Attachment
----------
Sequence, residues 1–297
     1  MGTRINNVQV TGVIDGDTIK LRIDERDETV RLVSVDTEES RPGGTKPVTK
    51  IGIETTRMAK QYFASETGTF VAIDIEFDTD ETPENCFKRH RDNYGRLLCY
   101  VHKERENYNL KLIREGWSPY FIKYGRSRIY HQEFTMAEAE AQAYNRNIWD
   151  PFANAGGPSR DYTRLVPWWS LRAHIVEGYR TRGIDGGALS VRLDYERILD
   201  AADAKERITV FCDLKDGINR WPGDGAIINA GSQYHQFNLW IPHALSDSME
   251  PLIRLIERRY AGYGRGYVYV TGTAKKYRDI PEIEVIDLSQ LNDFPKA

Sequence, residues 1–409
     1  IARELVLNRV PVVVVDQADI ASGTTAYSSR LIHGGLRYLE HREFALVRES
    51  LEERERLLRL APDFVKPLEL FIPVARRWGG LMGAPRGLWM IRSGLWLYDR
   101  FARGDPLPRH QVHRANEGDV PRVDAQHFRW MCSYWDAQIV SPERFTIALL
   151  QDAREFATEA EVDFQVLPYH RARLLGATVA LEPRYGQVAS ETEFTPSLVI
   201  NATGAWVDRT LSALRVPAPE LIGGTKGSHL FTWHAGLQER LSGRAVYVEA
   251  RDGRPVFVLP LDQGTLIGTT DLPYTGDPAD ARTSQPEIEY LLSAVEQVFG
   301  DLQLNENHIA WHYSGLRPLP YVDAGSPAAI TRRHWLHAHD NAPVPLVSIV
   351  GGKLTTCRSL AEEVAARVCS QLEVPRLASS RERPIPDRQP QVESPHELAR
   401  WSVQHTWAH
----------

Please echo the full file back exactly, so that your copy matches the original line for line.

Sequence, residues 1–297
     1  MGTRINNVQV TGVIDGDTIK LRIDERDETV RLVSVDTEES RPGGTKPVTK
    51  IGIETTRMAK QYFASETGTF VAIDIEFDTD ETPENCFKRH RDNYGRLLCY
   101  VHKERENYNL KLIREGWSPY FIKYGRSRIY HQEFTMAEAE AQAYNRNIWD
   151  PFANAGGPSR DYTRLVPWWS LRAHIVEGYR TRGIDGGALS VRLDYERILD
   201  AADAKERITV FCDLKDGINR WPGDGAIINA GSQYHQFNLW IPHALSDSME
   251  PLIRLIERRY AGYGRGYVYV TGTAKKYRDI PEIEVIDLSQ LNDFPKA

Sequence, residues 1–409
     1  IARELVLNRV PVVVVDQADI ASGTTAYSSR LIHGGLRYLE HREFALVRES
    51  LEERERLLRL APDFVKPLEL FIPVARRWGG LMGAPRGLWM IRSGLWLYDR
   101  FARGDPLPRH QVHRANEGDV PRVDAQHFRW MCSYWDAQIV SPERFTIALL
   151  QDAREFATEA EVDFQVLPYH RARLLGATVA LEPRYGQVAS ETEFTPSLVI
   201  NATGAWVDRT LSALRVPAPE LIGGTKGSHL FTWHAGLQER LSGRAVYVEA
   251  RDGRPVFVLP LDQGTLIGTT DLPYTGDPAD ARTSQPEIEY LLSAVEQVFG
   301  DLQLNENHIA WHYSGLRPLP YVDAGSPAAI TRRHWLHAHD NAPVPLVSIV
   351  GGKLTTCRSL AEEVAARVCS QLEVPRLASS RERPIPDRQP QVESPHELAR
   401  WSVQHTWAH